By Mason Godden, Mason Godden PhD Candidate, School of Labour Studies, McMaster University
In 2018, Canada’s three major federal political parties formed the All-Party Parliamentary Group (APPG) to End Modern Slavery and Human Trafficking, which resulted in the tabling of Canada’s Modern Slavery Act (Bill S-211) in the senate last February. But beneath this apparent unanimity over legislation designed to make countries disclose the efforts they take to rid their supply chains of modern slavery and forced labour, are the parties distinctive frames of the problem and, thus, the solutions, to modern slavery.
The governing minority Liberal Party of Canada (LPC), which narrowly managed to retain power in the 2019 victory after having been elected as a majority government in 2015, sees the problem of modern slavery in supply chains, especially those that cross borders, as a problem of market failure. The lead firms at the top simply do not know what the suppliers are doing. The Trudeau Liberals have a two-pronged strategy to regulate modern slavery: legislating amendments to the Criminal Code to combat sex trafficking; and their main approach, the negotiation of labour laws in international trade agreements that prohibit forced and child labour, the two most prominent forms of modern slavery in global supply chains.
The New Democratic Party (NDP), while generally amenable to the LPC’s calls for market regulation, have a more radical take on the problem of modern slavery, which they see as a systemic and structural issue that results from unregulated capitalism. Both parties therefore push for economic regulation, but the form such regulation takes (and the extent of such regulation) is a point of contention.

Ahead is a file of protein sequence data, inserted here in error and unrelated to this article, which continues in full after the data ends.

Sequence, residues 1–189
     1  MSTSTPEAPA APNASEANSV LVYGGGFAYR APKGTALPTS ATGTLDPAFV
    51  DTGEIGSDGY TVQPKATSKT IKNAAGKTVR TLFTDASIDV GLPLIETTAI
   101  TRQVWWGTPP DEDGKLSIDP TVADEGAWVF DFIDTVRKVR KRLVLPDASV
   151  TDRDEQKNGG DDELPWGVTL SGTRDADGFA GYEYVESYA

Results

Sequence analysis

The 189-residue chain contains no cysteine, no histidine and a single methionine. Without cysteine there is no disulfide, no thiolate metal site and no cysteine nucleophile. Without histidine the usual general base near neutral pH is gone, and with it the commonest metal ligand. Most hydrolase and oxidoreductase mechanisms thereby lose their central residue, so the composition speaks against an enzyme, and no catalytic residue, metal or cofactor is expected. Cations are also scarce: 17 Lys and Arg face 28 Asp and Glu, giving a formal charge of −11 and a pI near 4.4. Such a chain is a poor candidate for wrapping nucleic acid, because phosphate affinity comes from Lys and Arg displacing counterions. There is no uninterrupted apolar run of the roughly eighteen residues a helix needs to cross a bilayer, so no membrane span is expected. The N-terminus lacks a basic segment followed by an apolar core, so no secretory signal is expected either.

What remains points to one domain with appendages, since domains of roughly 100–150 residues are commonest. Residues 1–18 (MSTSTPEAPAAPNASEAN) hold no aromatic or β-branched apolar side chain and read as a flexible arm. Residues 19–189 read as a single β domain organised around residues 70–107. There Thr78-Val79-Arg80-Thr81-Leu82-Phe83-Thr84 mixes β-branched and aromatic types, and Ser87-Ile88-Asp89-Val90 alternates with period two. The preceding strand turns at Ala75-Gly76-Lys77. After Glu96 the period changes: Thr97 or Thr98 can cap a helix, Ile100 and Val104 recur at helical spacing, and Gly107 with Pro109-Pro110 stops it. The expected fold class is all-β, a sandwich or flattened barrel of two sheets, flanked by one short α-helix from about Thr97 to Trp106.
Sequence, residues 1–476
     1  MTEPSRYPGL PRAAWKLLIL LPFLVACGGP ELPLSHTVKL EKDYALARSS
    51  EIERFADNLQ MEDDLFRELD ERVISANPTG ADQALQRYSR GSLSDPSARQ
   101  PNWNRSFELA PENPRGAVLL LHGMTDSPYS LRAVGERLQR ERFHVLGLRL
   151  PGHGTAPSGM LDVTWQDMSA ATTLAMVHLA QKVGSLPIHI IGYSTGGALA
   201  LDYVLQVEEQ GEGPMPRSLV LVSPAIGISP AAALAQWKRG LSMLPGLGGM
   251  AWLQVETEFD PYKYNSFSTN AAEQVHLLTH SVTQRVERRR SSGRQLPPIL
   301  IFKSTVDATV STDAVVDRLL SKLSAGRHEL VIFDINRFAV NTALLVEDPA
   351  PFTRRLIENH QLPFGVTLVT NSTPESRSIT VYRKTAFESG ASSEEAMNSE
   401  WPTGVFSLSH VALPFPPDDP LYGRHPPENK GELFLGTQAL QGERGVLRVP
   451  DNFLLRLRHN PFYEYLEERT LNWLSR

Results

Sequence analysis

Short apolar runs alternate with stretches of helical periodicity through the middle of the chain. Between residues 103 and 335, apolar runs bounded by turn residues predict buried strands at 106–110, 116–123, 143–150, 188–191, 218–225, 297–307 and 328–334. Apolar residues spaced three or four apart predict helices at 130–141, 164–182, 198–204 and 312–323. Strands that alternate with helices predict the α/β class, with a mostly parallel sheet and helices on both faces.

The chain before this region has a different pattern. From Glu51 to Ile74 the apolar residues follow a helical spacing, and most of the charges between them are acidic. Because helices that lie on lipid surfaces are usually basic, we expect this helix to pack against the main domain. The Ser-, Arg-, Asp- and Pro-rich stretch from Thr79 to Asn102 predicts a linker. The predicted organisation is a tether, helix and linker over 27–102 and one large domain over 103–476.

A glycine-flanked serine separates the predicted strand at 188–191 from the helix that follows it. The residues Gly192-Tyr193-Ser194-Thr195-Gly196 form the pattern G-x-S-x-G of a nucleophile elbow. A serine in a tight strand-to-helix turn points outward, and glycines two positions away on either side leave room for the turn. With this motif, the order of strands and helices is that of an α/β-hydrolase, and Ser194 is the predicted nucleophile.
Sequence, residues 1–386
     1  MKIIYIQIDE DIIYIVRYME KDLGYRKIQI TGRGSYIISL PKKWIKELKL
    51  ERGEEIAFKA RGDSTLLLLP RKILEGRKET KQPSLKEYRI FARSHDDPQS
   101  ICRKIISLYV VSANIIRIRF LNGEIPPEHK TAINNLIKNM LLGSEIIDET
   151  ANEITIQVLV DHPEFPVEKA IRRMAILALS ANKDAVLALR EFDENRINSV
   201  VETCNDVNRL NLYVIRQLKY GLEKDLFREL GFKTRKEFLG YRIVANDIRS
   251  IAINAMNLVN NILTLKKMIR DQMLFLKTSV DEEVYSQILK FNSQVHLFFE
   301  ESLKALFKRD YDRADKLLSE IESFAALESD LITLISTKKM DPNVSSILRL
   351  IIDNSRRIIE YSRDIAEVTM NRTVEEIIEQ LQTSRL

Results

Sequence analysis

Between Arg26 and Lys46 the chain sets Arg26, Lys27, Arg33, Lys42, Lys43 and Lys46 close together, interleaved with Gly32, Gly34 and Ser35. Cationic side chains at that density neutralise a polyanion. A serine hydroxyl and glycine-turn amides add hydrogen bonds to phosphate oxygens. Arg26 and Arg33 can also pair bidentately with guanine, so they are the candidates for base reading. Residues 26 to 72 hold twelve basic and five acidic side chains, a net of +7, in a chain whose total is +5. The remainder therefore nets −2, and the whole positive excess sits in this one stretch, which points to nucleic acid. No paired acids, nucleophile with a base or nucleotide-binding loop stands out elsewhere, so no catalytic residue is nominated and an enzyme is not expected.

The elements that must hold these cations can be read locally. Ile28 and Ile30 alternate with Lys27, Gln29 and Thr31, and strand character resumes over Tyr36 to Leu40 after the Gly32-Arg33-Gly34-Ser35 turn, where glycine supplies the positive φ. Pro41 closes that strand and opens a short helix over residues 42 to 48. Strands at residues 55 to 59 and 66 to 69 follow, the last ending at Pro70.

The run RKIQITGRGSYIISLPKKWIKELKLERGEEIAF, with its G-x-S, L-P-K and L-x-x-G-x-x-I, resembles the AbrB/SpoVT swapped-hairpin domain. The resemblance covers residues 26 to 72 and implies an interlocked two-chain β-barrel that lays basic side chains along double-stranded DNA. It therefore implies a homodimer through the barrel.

By contrast, the Conservative Party of Canada (CPC) equates modern slavery with human trafficking, which it sees almost exclusively in terms of trafficking for sexual exploitation and prostitution. When in power, it took a very strong criminal law approach to human trafficking and focused on abolishing prostitution and using immigration laws to prohibit migrants to Canada who lacked the legal status of permanent resident from working in any aspect of the sex industry. Rather than being a consequence of systemic inequality, modern slavery is seen by Conservatives as a social malady perpetrated by evil members of society – the pimps, predators, and child pornographers in organized trafficking rings that work in the shadows to sexually exploit women and children.
Three of the most recent trade deals negotiated by the LPC have followed the ILO’s 1998 Declaration on Fundamental Principles and Rights at Work, which (amongst many other initiatives) commits signatory countries to eradicating forced and child labour from their supply chains. The Canada-European Union Comprehensive Economic and Trade Agreement (CETA), the Canada-Ukraine Free Trade Agreement (CUFTA), and the Comprehensive and Progressive Agreement for Trans-Pacific Partnership (CPTPP) were all carefully negotiated in order to (at best) eliminate or (at a minimum) monitor child and forced labour in signatory countries, 39 of which are covered by these three agreements.
The LPC has also tentatively committed to establishing a neutral, third-party regulatory body to keep Canadian multi-national corporations (MNCs) in line with anti-slavery laws. In January 2018, the federal government announced its intent to establish the office of the Canadian Ombudsmen for Responsible Enterprise (CORE), an investigative unit independent from the interests of any industry or political party designed to inspect key at-risk areas for modern slavery and child labour, namely mining, oil, and garment production. In April of 2019, nearly a year-and-a-half later, Ralph Goodale (then the Minister of Public Safety and Emergency Preparedness) appointed Sheri Meyerhoffer as ombudsperson.